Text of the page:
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Cannon-Stokes v. Potter

November 3, 2005


The opinion of the court was delivered by: Judge Joan H. Lefkow


Plaintiff Traci Cannon-Stokes ("Cannon-Stokes"), a postal worker, filed this action against John E. Potter ("Potter"), the Postmaster General of the United States Postal Service ("Postal Service"). Cannon-Stokes alleges that the Postal Service discriminated against her because of her disability in violation of the Rehabilitation Act of 1973 ("Rehabilitation Act"), 29 U.S.C. §§ 791 et seq., and retaliated against her for complaining of discrimination in violation of Title VII of the Civil Rights Act of 1964 ("Title VII"), 42 U.S.C. §§ 2000e-1 et seq. The court has jurisdiction over this action pursuant to 28 U.S.C. §§ 1331 and 1343 and 29 U.S.C. § 791. Before the court is Potter's motion for summary judgment. For the reasons stated below, the court grants the motion.


Summary judgment obviates the need for a trial where there is no genuine issue as to any material fact and the moving party is entitled to judgment as a matter of law. Fed. R. Civ. P. 56(c). To determine whether any genuine fact exists, the court must pierce the pleadings and assess the proof as presented in depositions, answers to interrogatories, admissions, and affidavits that are part of the record. Fed R. Civ. P. 56(c) Advisory Committee's notes. The party seeking summary judgment bears the initial burden of proving there is no genuine issue of material fact. Celotex Corp. v. Catrett, 477 U.S. 317, 323, 91 L.Ed. 2d 265, 106 S.Ct. 2548 (1986). In response, the nonmoving party cannot rest on bare pleadings alone but must use the evidentiary tools listed above to designate specific material facts showing that there is a genuine issue for trial. Id. at 324; Insolia v. Philip Morris Inc., 216 F.3d 596, 598 (7th Cir. 2000). A material fact must be outcome determinative under the governing law. Insolia, 216 F.3d at 598-99. Although a bare contention that an issue of fact exists is insufficient to create a factual dispute, Bellaver v. Quanex Corp., 200 F.3d 485, 492 (7th Cir. 2000), the court must construe all facts in a light most favorable to the nonmoving party as well as view all reasonable inferences in that party's favor. Anderson v. Liberty Lobby, Inc., 477 U.S. 242, 255, 91 L.Ed. 2d 202, 106 S.Ct. 2505 (1986).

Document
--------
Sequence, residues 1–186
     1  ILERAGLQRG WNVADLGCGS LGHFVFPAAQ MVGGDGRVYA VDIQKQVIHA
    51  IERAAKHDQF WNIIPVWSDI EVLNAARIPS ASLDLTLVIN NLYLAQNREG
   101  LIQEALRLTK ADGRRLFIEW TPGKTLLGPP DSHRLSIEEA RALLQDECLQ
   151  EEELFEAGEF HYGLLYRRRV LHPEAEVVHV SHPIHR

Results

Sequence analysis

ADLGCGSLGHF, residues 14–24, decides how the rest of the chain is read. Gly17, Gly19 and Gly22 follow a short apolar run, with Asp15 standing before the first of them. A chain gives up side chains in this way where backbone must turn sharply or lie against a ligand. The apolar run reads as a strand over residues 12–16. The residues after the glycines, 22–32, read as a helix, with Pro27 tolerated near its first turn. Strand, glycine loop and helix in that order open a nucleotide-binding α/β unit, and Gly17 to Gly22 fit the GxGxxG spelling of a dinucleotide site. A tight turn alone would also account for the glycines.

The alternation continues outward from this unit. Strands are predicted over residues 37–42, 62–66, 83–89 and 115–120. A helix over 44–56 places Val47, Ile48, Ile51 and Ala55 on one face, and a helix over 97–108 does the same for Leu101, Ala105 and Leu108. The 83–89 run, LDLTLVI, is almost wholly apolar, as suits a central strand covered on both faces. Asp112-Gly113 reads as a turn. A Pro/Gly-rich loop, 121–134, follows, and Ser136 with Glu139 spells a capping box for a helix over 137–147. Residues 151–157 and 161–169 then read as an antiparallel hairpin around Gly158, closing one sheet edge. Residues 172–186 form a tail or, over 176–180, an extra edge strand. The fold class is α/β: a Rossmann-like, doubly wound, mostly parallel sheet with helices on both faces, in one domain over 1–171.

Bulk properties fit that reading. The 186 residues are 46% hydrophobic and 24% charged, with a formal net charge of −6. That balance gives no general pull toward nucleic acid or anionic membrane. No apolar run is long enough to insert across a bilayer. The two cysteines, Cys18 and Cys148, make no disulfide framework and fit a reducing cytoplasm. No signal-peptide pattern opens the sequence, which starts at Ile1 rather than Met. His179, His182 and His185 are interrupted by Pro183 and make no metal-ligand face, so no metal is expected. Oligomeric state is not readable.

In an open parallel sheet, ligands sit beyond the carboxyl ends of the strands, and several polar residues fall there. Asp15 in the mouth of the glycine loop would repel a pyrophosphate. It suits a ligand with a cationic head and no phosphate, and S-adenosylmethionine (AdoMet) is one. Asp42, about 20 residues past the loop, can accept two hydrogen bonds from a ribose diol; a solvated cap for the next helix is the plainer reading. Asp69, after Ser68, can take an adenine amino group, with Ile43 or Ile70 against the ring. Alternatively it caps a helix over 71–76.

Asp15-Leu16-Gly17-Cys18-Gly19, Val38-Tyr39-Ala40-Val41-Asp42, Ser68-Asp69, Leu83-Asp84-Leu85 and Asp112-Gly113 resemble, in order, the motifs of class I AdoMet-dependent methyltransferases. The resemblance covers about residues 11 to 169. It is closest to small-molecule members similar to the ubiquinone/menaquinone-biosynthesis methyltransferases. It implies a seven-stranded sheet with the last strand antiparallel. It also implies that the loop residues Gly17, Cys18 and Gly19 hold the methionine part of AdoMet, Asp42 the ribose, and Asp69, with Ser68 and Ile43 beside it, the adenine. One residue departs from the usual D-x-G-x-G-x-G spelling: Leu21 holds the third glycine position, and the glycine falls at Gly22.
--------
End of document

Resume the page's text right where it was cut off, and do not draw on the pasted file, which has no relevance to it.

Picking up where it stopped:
Before reaching the merits of the motion for summary judgment and determining whether a genuine issue of material fact exists, the court must address the deficiencies in the parties' Local Rule 56.1 filings. Local Rule 56.1(a) provides that a motion for summary judgment must include, inter alia, a "statement of material facts as to which the moving party contends there is no genuine issue and that entitle the moving party to a judgment as a matter of law." This statement of material facts "shall consist of short numbered paragraphs, including within each paragraph specific references to the affidavits, parts of the record, and other supporting materials relied upon to support the facts set forth in that paragraph." Part (b) of Local Rule 56.1 requires a party opposing summary judgment to file, inter alia, a concise response to the movant's statement of material facts. For purposes relevant here, that statement is required to include a response to each numbered paragraph in the moving party's statement, including in the case of any disagreement, "specific references to the affidavits, parts of the record, and other supporting materials relied upon." The rule is very clear that "all material facts set forth in the statement required of the moving party will be deemed admitted unless controverted by the statement of the opposing party." Local Rule 56.1(b)(3)(B).